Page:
In this case, all the talk was true. Marc Savard
has signed a long-term contract extension with the Boston Bruins
that will keep him in Boston through the 2016-17 season.
Savard, 32, was due to become an unrestricted free agent on July 1, 2010. Since signing with the Bruins as a free agent on July 1, 2006, Savard, 32, has led the team in scoring each of the last three seasons, in addition to leading the team's playoff scoring race each of the last two seasons. Savard has twice finished in the league's Top 10 in scoring with 95-plus points and has played in two consecutive NHL All-Star Games.
Savard appeared in every game for the Bruins last year, scoring 25 goals and 63 assists in 82 regular-season games, and 6 goals and 7 assists in 11 playoff games.
Savard has skated in 11 games this season, scoring 4 goals and 6 assists.
Miller the Hart of Buffalo
-- Ryan Miller
is making not only a strong case to be the starting goalie for Team USA at the Olympics this coming February, but also the Vezina Trophy winner and maybe even the Hart.
Miller beat the Maple Leafs 3-0 Monday for his third shutout of the season and now leads the NHL with a 1.84 GAA and .937 save percentage. Miller has given up two goals or less in 17 of his 21 starts and is the main reason his team sat in first place in the Northeast Division and third in the Eastern Conference heading into Tuesday night's action.
The Sabres are riding a three-game win streak and have been scoring more as of late, but Miller has fueled their success.
"We've fed off a lot of his saves," coach Lindy Ruff
told John Vogl of the Buffalo News. "At the same time, the last three games we've supplied him with 12 goals. If you can average three, four a game, that's enough for Ryan to win.”
Forward Jason Pominville
believes Miller's play warrants him as one of the NHL's elite goaltenders.
"He's making a statement," Pominville said. "He's in the elite of the League, and he's proving it out there. He's giving us a chance to win every night."
Miller has given his team the confidence that they're in every game no matter what the score.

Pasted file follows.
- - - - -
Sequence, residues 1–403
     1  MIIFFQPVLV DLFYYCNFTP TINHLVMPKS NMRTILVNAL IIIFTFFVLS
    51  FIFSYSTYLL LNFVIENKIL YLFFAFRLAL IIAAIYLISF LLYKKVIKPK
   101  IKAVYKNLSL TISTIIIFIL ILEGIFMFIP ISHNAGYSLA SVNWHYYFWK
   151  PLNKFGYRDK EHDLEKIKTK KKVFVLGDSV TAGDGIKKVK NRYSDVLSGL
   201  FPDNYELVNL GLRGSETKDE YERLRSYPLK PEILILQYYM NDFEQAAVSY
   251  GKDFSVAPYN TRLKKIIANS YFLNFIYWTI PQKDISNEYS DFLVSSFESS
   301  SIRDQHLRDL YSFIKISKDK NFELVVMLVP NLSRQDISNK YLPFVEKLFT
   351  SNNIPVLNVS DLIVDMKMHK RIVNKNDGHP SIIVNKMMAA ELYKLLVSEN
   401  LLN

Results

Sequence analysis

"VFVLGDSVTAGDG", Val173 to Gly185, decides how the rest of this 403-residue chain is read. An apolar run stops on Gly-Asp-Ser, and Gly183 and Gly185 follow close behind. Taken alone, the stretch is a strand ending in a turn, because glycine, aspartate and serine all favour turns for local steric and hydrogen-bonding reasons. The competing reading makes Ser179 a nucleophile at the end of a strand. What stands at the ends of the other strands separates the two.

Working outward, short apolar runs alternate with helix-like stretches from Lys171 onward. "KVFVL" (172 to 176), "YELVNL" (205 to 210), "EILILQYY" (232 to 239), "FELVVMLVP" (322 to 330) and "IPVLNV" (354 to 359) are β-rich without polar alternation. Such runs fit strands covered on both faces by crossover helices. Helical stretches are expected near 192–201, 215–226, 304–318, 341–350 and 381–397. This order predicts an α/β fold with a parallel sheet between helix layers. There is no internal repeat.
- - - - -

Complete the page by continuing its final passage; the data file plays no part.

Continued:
"It's ridiculous," defenseman Henrik Tallinder
said. "It doesn't matter when we break down or how we break down, he's always there. Right now, he's on top of his game. You can't really say enough about him."
Rask gets the job done
--Bruins rookie Tuukka Rask
filled in admirably for the injured Tim Thomas
, going 4-1-1 in the six games Thomas (upper body) missed. In his last five games, Rask won four straight before losing to the Devils in a shootout. During that span he compiled a 1.75 goals-against average with a .942 save percentage.
Lucic hurt again
-- Not even a week after returning from a broken right index finger that kept him out for a month, Milan Lucic
is injured again. This time, it is a high-ankle sprain suffered in the Bruins' 2-1 shootout win against the Wild on Nov. 25. Lucic is expected to miss 2-4 weeks with his most recent injury. In the four games he played since returning from the broken right index finger, Lucic had 2 goals, including the game-winner in a 4-2 win at St. Louis.
For the Bruins it's just another setback and while they admit they will miss the bruising Lucic, they must move on.
"Looch is a dynamic, impact player. It's nice to have him in there, obviously, but we're going to try and soldier on without him," said forward Byron Bitz
Good news for Markov
– Canadiens defenseman Andrei Markov
skated this past week for the first time since tearing an ankle tendon on opening night. Originally thought to be out until mid-February, Markov told the Montreal media that he expects to be back by mid-January and prior to the Olympics.
Markov received some good news regarding his chances of playing for his native Russia in Vancouver. Russian hockey legend Vladislav Tretiak
, in town to scout potential Team Russia players, had dinner with Markov prior to the Canadiens and Capitals game in Montreal Saturday and made it clear to him that he wants Markov to be on the Russian squad.
"My coaches would like to look for him to play soon, maybe in three, four weeks," Tretiak said. "He feels good, and he's a very important, very good player for us. ... He's a good, smart defenseman. Our team likes him very much. Markov's No. 1 coach now is his doctor. He knows our coaches like him. Today was very important for him. It was important for me to support him. I wanted to show him I believe in him."
Turn on the power
– Maple Leafs coach Ron Wilson has had to shuffle his power-play units recently. The Leafs went 0-for-4 Monday night, and 0-for-2 Tuesday against Montreal, making the Leafs 2-for-22 over the last six games with one of those goals going into an empty net against Florida. Wilson thinks it is getting better, but still needs work.
"Struggling means the puck didn't go in the net," Wilson told the Toronto Star. "Sometimes you do everything but score. Someone will say, 'You scored two the other night.' Well, we shot one in the empty net, but it was a power-play goal. Our power play was actually better (Monday night)."
Wilson wants players to stop depending on the hot Phil Kessel
and for his point men to let shots rip from the point in hopes for a tip-in in front of the net.
"I really need (Tomas) Kaberle to shoot the puck, if they're playing really tight on Phil (Kessel)," said Wilson. "I mean pound it. He's got a good shot, shoot it. We're (supposed to have) guys standing in front of the net. That's been a big part of our power play, getting good clean looks from the point with screens. We didn't do that when we needed to."